UMass Amherst Bioarchaeology and Forensic Anthropology Field School

UMass Amherst Bioarchaeology and Forensic Anthropology Field School This field school is offered on the campus of UMass Amherst for six weeks in the summer. The course offers students hands-on experience in field and lab methods in bioarchaeology and forensic anthropology.

This UMass Amherst field course introduces students to the role of the biological anthropologist, archaeologist and forensic scientist in the excavation of human remains. The course is divided into three sections: The first introduces students to field and laboratory techniques. Topics include understanding the human skeletal system, pathology and taphonomic analysis, discussion of what constitutes bioarchaeological or forensic data, and the role of violence theory in these fields. The second section consists of the students entering the field to gain hands-on experience. Excavations are of a pseudo-crime scene and pseudo-archaeological burial, and helps the students develop knowledge through the “Low Stakes, High Impact” learning model. The final section focuses on the laboratory techniques used to analyze the data generated from these two pseudo-excavation sites. Throughout the course we explore key concepts in ethics, repatriation, public outreach, medico-legal death investigation, and regulations regarding unmarked burials.

Operating as usual

The broader community of Belén, New Mexico is invited to and has excavated with us on our new project. We've been having...
07/17/2018

The broader community of Belén, New Mexico is invited to and has excavated with us on our new project. We've been having a wonderful time doing community-based archaeology, learning from and with the community, and talking about the broader goals of our project and the types of questions and data we use.

It's only the second day of the season for the field school staff and we've gotten in two units already at our new site ...
07/12/2018

It's only the second day of the season for the field school staff and we've gotten in two units already at our new site in Belén, NM!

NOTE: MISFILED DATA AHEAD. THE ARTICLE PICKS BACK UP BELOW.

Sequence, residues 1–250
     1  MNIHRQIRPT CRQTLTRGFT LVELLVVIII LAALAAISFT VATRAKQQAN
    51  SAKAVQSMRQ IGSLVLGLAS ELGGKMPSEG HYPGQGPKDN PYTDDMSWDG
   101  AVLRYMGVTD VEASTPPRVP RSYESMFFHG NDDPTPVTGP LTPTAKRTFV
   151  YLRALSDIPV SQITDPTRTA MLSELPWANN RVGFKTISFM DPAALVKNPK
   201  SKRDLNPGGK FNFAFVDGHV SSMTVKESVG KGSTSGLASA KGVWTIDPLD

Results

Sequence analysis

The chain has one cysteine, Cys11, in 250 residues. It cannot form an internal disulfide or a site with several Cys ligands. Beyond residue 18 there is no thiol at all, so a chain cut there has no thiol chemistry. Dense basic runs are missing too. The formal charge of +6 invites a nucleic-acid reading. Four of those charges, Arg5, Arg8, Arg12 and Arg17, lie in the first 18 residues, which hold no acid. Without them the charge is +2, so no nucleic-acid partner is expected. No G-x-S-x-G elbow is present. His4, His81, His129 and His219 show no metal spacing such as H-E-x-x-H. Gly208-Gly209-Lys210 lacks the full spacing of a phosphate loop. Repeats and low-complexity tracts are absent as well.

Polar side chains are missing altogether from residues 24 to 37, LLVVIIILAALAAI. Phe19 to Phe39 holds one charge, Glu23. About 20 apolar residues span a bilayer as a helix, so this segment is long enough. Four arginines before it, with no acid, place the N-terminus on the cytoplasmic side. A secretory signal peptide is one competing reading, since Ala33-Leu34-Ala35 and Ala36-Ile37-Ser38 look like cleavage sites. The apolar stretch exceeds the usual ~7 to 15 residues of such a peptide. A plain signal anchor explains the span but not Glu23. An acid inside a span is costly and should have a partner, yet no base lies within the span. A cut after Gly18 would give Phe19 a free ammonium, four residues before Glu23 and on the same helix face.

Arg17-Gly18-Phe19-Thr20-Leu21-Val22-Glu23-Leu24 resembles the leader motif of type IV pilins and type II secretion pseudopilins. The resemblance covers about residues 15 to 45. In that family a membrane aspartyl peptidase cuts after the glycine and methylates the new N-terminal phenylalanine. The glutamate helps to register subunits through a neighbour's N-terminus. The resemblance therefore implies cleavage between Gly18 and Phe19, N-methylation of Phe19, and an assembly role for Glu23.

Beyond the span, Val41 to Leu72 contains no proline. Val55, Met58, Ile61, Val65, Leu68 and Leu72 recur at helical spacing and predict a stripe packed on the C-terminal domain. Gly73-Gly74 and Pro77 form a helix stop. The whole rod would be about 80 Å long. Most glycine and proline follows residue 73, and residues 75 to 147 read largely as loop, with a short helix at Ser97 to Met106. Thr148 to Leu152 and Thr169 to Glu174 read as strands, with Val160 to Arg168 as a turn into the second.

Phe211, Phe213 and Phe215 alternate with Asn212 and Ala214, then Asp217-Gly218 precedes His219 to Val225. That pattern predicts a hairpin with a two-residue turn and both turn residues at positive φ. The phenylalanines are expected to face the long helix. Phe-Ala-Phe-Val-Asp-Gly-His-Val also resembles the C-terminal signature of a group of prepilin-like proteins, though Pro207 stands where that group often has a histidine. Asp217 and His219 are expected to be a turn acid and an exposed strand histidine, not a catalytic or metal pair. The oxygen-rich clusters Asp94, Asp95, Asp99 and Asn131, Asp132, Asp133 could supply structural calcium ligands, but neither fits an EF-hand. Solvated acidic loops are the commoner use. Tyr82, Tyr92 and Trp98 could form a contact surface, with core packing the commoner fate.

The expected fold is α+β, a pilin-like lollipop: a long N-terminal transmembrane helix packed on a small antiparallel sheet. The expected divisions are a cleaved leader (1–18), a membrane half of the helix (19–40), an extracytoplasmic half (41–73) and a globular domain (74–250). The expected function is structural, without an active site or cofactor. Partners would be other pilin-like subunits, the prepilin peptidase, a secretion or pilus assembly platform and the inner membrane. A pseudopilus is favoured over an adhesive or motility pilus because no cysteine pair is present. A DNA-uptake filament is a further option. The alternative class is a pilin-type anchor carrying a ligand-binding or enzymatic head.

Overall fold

Pictured is Field School Director Dr. Ventura Pérez and Field School Instructors Priscilla Mollard and Adam Netzer Zimmer, as well as Dr. Debra Martin and Claira Ralston of UNLV and Dr. Pamela Stone of Hampshire College.

Our field school students macerated this bear paw on Friday and it's almost completely skeletonized. Dermestid beetles w...
07/05/2018

Our field school students macerated this bear paw on Friday and it's almost completely skeletonized. Dermestid beetles work fast!

Bonus fun fact: skeletal bear paws are often mistaken as human hands out in the wild and forensic anthropologists are frequently asked to identify them.

We're in the middle of summer break, meaning now is the best time to start getting your grad school application ready. C...
07/03/2018
So, you want to go to grad school? Nail the inquiry email

We're in the middle of summer break, meaning now is the best time to start getting your grad school application ready. Check out this advice on the process of applying.

Maybe you’ve always know you’ve wanted to be a research professor in wildlife ecology. Perhaps you’ve just taken a course on fungi and stumbled into a whole new world of career po…

Our students had an eventful afternoon! Some of them learned how to do bucket flotation tests on soil samples, while oth...
06/21/2018

Our students had an eventful afternoon! Some of them learned how to do bucket flotation tests on soil samples, while others learned the basics of maceration techniques on a donated bear paw.

We had a great time today doing a site visit at the The Emily Dickinson Museum and Archaeological Field School at the Em...
06/20/2018